## Articulo

• Similares en SciELO

## versión On-line ISSN 0717-7518

### Rev. chil. nutr. vol.47 no.1 Santiago feb. 2020

#### http://dx.doi.org/10.4067/S0717-75182020000100080

Original Article

Relationship between food consumption of pregnant women and birth weight of newborns

Relación entre el consumo de alimentos de gestantes y el peso al nacer de los recién nacidos

2Departamento de Nutrição e Dietética, Faculdade de Nutrição Emília de Jesus Ferreiro, Universidade Federal Fluminense, Niterói, RJ, Brasil

ABSTRACT

The aim of this study was to investigate the relationship between food consumption of 99 pregnant women aged 16-44 years who gave birth at a maternity hospital in Rio de Janeiro and newborn birth weight. Maternal consumption of unprocessed or minimally processed and ultra-processed foods was evaluated through the Food Consumption Markers Form. For ultra-processed foods, most pregnant women regularly consumed sweets (73.7%), soft drinks (71.7%), sausages (65.7%), salted crackers (63.6%) and fried foods (55.6%). Among unprocessed or minimally processed foods, most pregnant women consumed beans (85.9%) and milk or yogurt (60.6%), while less than half consumed fruits (44.4%), raw vegetables (28.3%) and cooked vegetables (27.3%) regularly. Among newborns, 13.5% presented low birth weight. There was a significant relationship between consumption of sausages (p= 0.02) and sweets (p= 0.04) by pregnant women and low birth weight of newborns. Maternal consumption of sausages increased the odds of newborn low birth weight (OR 1.46, 95% CI 1.02-2.10).

Keywords: Food consumption; Low birth weight; Pregnant; Unprocessed foods; Ultra-processed foods

RESUMEN

Palabras clave: Alimentos no procesados; Alimentos ultra-procesados; Bajo peso al nacer; Consumo de alimento; Gestante

INTRODUCTION

The diet of the world's population is currently characterized by high consumption of ultra-processed foods and low consumption of unprocessed or minimally processed foods1,2,3. Ultra-processed foods have high caloric density and low nutritional quality and consumption is related to nutritional deficiencies, obesity, diabetes, arterial hypertension and other diseases4,5.

Inadequate diet during pregnancy may imply nutritional risk to newborns, favoring low birth weight (LBW) and negatively affecting growth and development6,7,8,9. Birth weight is an important public health indicator, as it reflects maternal health conditions and the quality of prenatal care10.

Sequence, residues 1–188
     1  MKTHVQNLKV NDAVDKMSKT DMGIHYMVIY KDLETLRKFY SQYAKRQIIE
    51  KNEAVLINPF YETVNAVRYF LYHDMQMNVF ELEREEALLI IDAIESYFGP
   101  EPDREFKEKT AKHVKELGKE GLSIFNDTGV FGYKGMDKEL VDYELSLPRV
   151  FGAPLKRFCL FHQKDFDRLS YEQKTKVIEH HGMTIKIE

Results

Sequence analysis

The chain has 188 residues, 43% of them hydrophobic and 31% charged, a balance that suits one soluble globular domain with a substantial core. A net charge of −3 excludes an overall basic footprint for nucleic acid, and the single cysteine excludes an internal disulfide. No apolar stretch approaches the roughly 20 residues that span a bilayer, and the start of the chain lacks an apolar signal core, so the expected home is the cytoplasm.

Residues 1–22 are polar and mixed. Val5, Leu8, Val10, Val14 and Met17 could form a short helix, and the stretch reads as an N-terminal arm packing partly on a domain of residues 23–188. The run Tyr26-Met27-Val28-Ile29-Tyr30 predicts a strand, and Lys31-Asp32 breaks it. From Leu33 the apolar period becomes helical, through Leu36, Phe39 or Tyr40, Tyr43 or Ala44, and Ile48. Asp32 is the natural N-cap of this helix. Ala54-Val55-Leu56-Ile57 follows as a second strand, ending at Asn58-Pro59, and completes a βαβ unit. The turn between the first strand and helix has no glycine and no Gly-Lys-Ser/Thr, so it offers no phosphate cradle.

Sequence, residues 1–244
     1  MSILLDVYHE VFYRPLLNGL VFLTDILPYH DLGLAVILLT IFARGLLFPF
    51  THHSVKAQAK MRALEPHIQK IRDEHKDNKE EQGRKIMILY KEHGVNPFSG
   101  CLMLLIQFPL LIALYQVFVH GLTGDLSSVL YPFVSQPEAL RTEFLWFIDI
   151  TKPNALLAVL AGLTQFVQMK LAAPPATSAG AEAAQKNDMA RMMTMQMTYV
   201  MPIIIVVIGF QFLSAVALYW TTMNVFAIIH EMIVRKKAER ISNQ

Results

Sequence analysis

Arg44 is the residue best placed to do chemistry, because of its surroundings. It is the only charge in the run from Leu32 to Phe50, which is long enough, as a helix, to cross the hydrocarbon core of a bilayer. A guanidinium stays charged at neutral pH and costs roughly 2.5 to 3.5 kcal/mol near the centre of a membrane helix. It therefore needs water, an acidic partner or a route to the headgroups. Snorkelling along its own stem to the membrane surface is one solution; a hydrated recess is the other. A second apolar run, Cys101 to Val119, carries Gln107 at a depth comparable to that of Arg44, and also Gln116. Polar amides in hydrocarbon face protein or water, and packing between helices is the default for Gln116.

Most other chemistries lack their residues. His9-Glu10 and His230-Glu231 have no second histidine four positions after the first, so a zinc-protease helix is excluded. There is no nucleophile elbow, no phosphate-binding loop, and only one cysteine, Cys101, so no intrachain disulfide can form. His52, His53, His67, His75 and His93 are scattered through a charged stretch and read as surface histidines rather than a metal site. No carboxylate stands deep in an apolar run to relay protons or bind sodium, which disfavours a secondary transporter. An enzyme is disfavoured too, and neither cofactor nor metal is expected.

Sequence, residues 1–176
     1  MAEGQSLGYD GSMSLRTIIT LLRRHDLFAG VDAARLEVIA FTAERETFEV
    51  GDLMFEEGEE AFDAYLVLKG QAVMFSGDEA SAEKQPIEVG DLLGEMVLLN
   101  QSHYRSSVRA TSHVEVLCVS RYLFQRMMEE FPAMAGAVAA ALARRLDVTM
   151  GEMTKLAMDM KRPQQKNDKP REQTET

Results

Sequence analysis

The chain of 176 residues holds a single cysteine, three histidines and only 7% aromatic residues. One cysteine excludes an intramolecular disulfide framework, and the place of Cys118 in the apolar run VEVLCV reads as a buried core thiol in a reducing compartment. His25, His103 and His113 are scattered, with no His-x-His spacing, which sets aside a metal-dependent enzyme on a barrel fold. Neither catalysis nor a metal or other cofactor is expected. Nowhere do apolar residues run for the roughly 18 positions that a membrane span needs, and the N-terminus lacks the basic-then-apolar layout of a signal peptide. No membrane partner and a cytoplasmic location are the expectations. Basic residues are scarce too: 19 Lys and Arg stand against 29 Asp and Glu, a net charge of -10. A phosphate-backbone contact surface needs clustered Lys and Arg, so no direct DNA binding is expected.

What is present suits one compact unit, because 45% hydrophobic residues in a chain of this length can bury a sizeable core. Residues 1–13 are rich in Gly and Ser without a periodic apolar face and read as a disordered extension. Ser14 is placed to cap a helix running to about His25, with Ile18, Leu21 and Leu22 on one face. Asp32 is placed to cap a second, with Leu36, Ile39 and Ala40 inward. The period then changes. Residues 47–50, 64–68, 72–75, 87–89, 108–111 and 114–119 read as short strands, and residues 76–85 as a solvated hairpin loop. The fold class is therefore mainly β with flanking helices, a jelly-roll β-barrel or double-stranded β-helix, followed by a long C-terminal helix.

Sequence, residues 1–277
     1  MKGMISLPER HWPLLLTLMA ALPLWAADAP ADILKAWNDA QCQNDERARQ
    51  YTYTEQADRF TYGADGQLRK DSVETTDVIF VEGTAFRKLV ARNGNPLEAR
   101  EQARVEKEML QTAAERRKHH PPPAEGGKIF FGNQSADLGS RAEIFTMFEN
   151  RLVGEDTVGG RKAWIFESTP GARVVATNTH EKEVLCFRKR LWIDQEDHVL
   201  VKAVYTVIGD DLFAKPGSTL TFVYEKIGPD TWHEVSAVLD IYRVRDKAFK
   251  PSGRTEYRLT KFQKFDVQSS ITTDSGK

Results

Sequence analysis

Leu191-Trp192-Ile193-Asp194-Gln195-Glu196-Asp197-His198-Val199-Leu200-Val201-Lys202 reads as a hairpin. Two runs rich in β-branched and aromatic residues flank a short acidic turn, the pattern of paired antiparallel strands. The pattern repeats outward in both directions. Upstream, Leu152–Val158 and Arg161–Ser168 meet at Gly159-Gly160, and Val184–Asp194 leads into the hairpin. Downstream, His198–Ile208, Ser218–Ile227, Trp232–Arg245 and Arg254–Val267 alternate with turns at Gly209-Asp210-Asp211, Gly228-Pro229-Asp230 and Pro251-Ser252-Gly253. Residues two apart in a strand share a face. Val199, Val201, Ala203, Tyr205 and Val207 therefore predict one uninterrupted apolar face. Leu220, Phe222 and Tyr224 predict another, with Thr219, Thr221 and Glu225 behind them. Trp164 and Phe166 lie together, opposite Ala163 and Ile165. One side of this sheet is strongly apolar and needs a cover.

According to the United Nations Children's Fund (UNICEF)11, in 2000, the prevalence of LBW in developed countries was around 7.0% and 10.0% in Latin America. LBW contributes to negative outcomes in infant health, such as developmental deficits, behavioral disorders and vulnerability to infectious diseases, favoring morbidity and mortality in the first year of life12,13, and increasing the chances of future chronic diseases8,10.

It is known that unprocessed and minimally processed foods, such as fruits and vegetables have more vitamins, minerals, fibers and compounds with antioxidant and antiinflammatory properties compared to ultra-processed foods. Therefore, diet characterized. by the frequent consumption of unprocessed foods is considered a protective factor for the occurrence of chronic diseases, nutritional deficiencies and other adverse health conditions1.

There are few studies that have evaluated maternal diet from the point of view of the consumption of unprocessed or minimally processed foods and ultra-processed foods and its influence on fetal growth, especially on LBW. Thus, the main aim of this study was to investigate the relationship between food consumption of pregnant women seeking care at the “Herculano Pinheiro” Maternity Hospital and the birth weight of their newborns.

METHODOLOGY

We conducted a cross-sectional analytical study with 99 pregnant women aged 16-44 years who received care at the Herculano Pinheiro Maternity Hospital (HPHM) between July and September 2016. The maternity hospital, located in the northern region of the municipality of Rio de Janeiro, is a reference hospital for the follow-up of low-risk pregnant women. Sampling was conducted for convenience. Women were approached after giving birth and received explanations about the study.

Volunteers accounted for 12% of women receiving care at this maternity hospital. The sample was calculated considering the average number of births in 24 hours at the hospital with a margin of error of 5% and 95% confidence interval (95% CI). The calculated total sample was 83 women and, considering a potential 20% loss, the number stipulated for this study was 99 women.

Women hospitalized at the maternity hospital who gave birth within 24 hours of admission were eligible to participate. After being informed of the research objectives and procedures, and with their agreement to voluntarily participate in the study, they provided signed informed consent. Women who were hospitalized for more than 24 hours were excluded, that way feeding provided at the maternity ward would not interfere with the evaluation of diet. Other exclusion criteria used were: twin pregnancy; abortion; previous diagnosis of diseases such as hypertension and diabetes; presence of obstetric hemorrhagic and infectious complications.